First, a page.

“A short chronology of curatorial incients in the 20th Century”


The research was done in the frame of the Se Busca Curator‘s project, produced by LaPinta collective. Firstly, in 2008 it was launched as a documentation space at the Santa Mònica Arts Center, in Barcelona. Then, in 2010 it was launched the homonymous publication, published by LaPinta itself. Following there is the presentation text of the research, while its different chapters can be downloaded clicking on the icon.

“What is a curator?” It is a question that doesn’t make sense, because the curator is not something; the curator does something. There is no ontology of the middleman: she is a performative and exemplary agent, acquiring subjectivity in and by the act of mediation. Soren Andreasen & Lars Bang Larsen, 2007

Ironically, the museum that is supposed to be the arbiter of modern culture is blind to its own cultural history. The Museum of Modern Art is an institution where amnesia reigns. Mary Anne Staniszewski, 1998


With “A Short Chronology of Curatorial Incidents in the 20th Century” we collected 37 stories about different events related to curating, principally in the contemporary art world. The chronology begins in 1907 with a poem that Guillaume Apollinaire published in Je dis tout, where he ridicules the director in charge of organising the Autumn Salon in Paris.  The chronology ends in 2008 with the project The Manifesto of Possibilities, which aims to develop a collaborative manifesto on the realisation of projects in the public space and thus involve the different agents that take part in this type of projects in the creation process.

“A Short Chronology of Curatorial Incidents in the 20th Century” thus intends to contribute contrasted methods with which curating has been conceived, practised and narrated. Even more so than in theses and views on the meaning of art that have been generated through projects and exhibitions, the aim is to plunge ourselves in given moments which, scarcer – or, at least, less visible – have also attempted to represent the very same curatorial practice.

The chronology we are presenting feeds on the information that, in the best of cases, historiography has tended to save for footnotes. And although in this case there has been an attempt to use a rather traditional methodology for the treatment of the documentary, the disparity of interpretations that can be found regarding the curatorial practice ends up imposing itself on the very same temporal sequence, ultimately interrupting any possibility of presenting the same practice via a unique narratorial evolution in the curatorial practice.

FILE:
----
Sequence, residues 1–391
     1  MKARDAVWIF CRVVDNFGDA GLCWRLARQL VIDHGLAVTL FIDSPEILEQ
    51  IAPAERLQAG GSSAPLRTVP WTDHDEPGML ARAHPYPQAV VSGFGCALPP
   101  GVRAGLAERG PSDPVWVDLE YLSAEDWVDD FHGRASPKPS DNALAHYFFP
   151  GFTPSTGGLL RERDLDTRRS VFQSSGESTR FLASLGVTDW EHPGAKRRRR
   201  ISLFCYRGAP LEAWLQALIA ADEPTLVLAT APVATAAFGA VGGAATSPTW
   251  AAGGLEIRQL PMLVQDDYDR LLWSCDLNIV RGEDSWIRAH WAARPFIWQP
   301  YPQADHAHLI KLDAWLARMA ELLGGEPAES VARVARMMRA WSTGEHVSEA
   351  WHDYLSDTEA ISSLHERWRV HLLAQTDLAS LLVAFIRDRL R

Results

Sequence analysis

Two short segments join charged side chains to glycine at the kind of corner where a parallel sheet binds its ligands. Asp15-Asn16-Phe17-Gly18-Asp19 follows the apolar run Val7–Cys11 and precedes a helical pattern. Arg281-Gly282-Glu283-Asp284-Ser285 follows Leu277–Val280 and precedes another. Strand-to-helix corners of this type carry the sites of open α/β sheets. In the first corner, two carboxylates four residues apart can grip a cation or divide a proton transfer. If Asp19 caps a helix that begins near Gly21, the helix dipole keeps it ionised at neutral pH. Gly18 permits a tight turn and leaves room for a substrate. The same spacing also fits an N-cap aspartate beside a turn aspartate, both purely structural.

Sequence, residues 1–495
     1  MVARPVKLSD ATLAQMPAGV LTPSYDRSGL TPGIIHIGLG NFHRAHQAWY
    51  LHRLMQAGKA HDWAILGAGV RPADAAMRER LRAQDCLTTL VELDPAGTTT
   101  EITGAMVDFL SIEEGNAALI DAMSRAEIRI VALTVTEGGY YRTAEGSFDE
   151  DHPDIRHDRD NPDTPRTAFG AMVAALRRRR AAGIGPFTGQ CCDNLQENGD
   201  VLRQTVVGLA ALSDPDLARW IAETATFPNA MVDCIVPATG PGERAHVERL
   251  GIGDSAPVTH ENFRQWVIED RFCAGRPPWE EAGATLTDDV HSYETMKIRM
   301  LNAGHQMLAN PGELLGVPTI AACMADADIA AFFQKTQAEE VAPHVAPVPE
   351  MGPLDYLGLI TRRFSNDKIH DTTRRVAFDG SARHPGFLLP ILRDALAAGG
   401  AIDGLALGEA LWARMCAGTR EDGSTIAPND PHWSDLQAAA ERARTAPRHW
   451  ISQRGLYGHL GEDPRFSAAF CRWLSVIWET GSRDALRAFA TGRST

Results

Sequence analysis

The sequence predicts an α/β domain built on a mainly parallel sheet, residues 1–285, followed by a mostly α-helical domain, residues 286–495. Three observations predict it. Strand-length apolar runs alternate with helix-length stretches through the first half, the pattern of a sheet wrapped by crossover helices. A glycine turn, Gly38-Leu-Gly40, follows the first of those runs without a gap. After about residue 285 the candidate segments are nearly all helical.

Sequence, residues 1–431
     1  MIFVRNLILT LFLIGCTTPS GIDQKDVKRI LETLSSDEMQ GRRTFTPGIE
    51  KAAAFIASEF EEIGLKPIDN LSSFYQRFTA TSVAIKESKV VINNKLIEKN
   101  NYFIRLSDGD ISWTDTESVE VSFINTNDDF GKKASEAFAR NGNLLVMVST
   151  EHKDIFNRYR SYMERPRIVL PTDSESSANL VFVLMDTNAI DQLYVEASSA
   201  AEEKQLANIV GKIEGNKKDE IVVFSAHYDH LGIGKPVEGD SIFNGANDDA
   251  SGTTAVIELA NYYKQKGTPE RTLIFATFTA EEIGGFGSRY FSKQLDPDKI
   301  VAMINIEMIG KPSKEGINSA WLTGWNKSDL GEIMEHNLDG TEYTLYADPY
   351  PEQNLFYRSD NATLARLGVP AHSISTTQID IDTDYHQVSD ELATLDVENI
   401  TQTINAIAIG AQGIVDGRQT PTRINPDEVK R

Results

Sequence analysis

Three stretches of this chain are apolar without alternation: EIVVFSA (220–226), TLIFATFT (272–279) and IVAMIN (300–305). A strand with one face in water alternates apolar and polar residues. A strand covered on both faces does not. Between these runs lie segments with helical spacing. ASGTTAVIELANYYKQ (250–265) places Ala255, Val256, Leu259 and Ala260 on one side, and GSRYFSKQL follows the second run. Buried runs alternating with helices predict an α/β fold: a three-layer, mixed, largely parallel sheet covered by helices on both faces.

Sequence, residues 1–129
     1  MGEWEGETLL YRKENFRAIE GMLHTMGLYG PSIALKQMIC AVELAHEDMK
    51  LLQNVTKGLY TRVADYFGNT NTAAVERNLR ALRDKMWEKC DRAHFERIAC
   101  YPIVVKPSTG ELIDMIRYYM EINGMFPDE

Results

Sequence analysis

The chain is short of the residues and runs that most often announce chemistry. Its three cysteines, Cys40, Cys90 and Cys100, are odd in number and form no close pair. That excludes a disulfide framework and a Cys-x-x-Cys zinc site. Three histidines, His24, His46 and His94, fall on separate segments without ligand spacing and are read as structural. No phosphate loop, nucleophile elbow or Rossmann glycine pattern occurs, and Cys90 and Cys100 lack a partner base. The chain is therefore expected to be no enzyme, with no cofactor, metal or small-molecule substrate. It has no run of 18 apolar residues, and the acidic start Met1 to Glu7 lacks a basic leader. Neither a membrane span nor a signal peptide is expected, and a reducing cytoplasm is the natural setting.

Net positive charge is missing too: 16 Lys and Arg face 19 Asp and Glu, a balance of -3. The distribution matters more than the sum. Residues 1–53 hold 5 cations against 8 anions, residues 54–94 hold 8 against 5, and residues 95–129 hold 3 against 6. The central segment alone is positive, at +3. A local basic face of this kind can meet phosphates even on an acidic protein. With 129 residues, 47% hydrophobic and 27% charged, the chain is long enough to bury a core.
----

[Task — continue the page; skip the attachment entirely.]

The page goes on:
Thus, effectively, as well as the differences caused by the chronological and geographical distance that separates facts, we have also wanted to underline certain contrasts which are due to the disparity of agents who have become responsible for curatorial processes (independent curators, museum curators, political curators, artists, architects, gallery owners, etc.) and also to the disparity of showings that have implicated other agents in the creation process (the public, artists, art critics, educators, etc.).

Regarding the title of the series, “A Short Chronology of Curatorial Incidents in the 20th Century”, it makes reference to the chronology that Alison Green published in 2000, which is also included among the accounts presented here. Green’s approximation is based principally on the results of the curatorial processes, that is to say, it is about a chronological ordering of a collection of exhibitions and relevant projects that have been executed throughout the past century; those which, likewise, historiography has also tended to leave aside in order to privilege the study of artistic productions for their own value.

By contrast, in our case we are focalising interest on the proceedings that have developed for the management of projects, the organisation of its agents, the narration of its processes, as well as the creation of a meaning for the curatorial practice. We are dealing with aspects that, equally excluded from the same scene of representation usually linked to exhibitions and which are scarcely developed between the most recent studies on curatorship, can inform us and allow for the debate surrounding the politics and economics of curating, for instance enriching that which also refers to the interpretation of the artistic practices.